If you’ve been to a trade show over the last five or six years, you must have seen the demos of software that promises to convert your spoken words into characters in a word processing program. With a little bit of “training” on a single voice, these programs were often capable of rendering prose that, while both surreal and erratically spelled, bore not a passing resemblance to what you said.

So Rogers Wireless’s announcement of a voice-mail-to-text-message service powered by SpinVox left me, shall we say, sceptical. If software that is actually trained to a voice is erratic, how can you expect a machine to recognize and transcribe any old stranger’s voice that leaves you a voice mail?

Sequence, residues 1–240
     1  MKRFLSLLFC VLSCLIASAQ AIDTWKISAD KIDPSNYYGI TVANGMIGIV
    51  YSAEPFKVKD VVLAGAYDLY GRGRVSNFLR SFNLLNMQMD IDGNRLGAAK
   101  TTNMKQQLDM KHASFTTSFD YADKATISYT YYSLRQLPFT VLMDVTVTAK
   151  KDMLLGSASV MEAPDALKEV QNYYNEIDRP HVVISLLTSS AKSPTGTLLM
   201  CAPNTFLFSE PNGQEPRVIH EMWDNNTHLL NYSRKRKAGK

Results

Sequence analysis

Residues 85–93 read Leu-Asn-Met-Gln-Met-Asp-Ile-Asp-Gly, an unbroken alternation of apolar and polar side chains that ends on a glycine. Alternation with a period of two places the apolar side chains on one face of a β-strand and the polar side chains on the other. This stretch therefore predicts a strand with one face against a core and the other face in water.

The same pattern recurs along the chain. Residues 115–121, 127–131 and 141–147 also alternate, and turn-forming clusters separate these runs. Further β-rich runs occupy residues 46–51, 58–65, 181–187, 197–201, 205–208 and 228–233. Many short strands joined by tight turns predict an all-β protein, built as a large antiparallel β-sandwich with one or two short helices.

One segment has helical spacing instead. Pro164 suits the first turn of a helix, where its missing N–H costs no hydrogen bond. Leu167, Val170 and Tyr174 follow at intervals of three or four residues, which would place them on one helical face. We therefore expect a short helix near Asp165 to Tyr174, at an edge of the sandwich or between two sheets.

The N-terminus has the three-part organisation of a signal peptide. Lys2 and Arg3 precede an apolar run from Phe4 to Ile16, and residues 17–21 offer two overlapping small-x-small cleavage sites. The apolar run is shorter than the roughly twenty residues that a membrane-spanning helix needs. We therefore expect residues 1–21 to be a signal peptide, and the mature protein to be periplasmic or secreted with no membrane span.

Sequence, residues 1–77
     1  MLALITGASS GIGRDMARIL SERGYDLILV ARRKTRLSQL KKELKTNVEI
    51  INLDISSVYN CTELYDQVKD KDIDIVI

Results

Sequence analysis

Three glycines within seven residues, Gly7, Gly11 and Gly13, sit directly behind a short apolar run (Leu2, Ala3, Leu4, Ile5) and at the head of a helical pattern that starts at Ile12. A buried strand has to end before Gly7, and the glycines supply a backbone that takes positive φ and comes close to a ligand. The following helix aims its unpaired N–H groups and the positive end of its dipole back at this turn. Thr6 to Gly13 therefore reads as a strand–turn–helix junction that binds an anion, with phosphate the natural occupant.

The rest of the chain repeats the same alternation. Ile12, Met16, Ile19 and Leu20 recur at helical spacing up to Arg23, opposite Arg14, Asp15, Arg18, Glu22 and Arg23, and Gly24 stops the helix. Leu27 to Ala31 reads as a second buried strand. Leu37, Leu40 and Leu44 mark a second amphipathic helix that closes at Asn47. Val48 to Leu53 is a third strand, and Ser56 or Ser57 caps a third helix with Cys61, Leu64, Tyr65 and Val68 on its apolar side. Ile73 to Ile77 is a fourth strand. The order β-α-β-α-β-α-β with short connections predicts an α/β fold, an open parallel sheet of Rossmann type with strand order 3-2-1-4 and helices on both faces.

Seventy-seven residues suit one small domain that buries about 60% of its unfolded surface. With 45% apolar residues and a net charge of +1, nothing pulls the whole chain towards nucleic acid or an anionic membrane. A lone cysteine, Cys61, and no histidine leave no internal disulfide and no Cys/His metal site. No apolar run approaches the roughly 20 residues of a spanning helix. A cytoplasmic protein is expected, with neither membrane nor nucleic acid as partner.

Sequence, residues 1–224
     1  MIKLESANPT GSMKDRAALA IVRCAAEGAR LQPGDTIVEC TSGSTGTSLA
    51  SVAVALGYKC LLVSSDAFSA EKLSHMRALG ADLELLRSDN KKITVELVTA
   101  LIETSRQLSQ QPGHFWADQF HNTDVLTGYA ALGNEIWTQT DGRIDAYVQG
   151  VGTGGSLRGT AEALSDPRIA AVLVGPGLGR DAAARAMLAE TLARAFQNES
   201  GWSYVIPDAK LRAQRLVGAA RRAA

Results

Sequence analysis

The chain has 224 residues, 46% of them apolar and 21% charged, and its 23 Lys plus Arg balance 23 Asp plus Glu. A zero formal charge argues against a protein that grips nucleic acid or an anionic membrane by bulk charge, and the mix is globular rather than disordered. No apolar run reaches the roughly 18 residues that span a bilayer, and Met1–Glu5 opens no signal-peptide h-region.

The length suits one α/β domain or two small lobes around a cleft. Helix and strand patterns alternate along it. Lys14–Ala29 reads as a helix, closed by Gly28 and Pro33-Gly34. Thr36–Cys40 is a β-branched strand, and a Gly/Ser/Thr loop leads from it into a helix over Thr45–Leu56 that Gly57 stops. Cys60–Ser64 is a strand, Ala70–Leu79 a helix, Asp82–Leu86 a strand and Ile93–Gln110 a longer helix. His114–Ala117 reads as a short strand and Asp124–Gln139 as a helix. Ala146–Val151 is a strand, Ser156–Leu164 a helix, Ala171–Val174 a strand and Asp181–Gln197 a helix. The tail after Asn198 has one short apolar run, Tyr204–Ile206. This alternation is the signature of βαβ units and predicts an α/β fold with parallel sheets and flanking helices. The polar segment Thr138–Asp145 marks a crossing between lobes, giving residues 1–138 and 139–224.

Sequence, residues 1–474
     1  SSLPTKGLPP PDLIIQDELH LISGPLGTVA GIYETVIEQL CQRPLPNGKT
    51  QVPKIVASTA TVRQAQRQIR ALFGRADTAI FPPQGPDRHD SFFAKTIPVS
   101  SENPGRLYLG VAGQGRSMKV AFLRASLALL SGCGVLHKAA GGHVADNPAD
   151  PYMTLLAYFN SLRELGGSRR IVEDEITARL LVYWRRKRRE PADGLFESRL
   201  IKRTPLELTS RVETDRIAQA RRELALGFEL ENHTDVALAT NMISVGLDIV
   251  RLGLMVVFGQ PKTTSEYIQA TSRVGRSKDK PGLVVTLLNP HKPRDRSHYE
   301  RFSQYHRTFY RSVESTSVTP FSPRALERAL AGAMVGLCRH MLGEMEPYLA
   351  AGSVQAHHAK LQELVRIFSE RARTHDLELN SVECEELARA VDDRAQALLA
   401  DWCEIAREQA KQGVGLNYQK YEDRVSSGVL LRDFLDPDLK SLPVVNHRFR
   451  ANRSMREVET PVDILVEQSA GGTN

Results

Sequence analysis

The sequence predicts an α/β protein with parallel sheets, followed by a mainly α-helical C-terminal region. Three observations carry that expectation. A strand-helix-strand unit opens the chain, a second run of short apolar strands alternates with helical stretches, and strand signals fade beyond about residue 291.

Well, quelle surprise … The service actually works. Well, I might add.

I threw a few challenges at it after opening with a rather banal “just calling to see if this works” message. It handled the message from an accented

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Dave Webb
Dave Webb is a freelance editor and writer. A veteran journalist of more than 20 years' experience (15 of them in technology), he has held senior editorial positions with a number of technology publications. He was honoured with an Andersen Consulting Award for Excellence in Business Journalism in 2000, and several Canadian Online Publishing Awards as part of the ComputerWorld Canada team.